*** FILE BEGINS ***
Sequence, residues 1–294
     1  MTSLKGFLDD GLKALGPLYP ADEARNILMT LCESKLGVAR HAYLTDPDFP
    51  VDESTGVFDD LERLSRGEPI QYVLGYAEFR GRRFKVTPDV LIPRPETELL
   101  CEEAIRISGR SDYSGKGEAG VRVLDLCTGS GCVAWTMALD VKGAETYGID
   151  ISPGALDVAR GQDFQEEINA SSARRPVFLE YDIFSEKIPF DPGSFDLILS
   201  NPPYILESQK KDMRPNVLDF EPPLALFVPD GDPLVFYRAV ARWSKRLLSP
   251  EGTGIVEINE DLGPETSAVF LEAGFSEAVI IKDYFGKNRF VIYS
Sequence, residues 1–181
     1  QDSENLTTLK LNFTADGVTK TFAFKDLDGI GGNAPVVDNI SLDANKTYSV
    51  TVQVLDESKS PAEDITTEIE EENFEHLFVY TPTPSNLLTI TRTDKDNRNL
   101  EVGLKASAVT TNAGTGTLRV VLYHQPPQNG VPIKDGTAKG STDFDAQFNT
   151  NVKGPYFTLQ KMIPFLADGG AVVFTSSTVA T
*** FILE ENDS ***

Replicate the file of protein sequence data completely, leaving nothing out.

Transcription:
Sequence, residues 1–294
     1  MTSLKGFLDD GLKALGPLYP ADEARNILMT LCESKLGVAR HAYLTDPDFP
    51  VDESTGVFDD LERLSRGEPI QYVLGYAEFR GRRFKVTPDV LIPRPETELL
   101  CEEAIRISGR SDYSGKGEAG VRVLDLCTGS GCVAWTMALD VKGAETYGID
   151  ISPGALDVAR GQDFQEEINA SSARRPVFLE YDIFSEKIPF DPGSFDLILS
   201  NPPYILESQK KDMRPNVLDF EPPLALFVPD GDPLVFYRAV ARWSKRLLSP
   251  EGTGIVEINE DLGPETSAVF LEAGFSEAVI IKDYFGKNRF VIYS
Sequence, residues 1–181
     1  QDSENLTTLK LNFTADGVTK TFAFKDLDGI GGNAPVVDNI SLDANKTYSV
    51  TVQVLDESKS PAEDITTEIE EENFEHLFVY TPTPSNLLTI TRTDKDNRNL
   101  EVGLKASAVT TNAGTGTLRV VLYHQPPQNG VPIKDGTAKG STDFDAQFNT
   151  NVKGPYFTLQ KMIPFLADGG AVVFTSSTVA T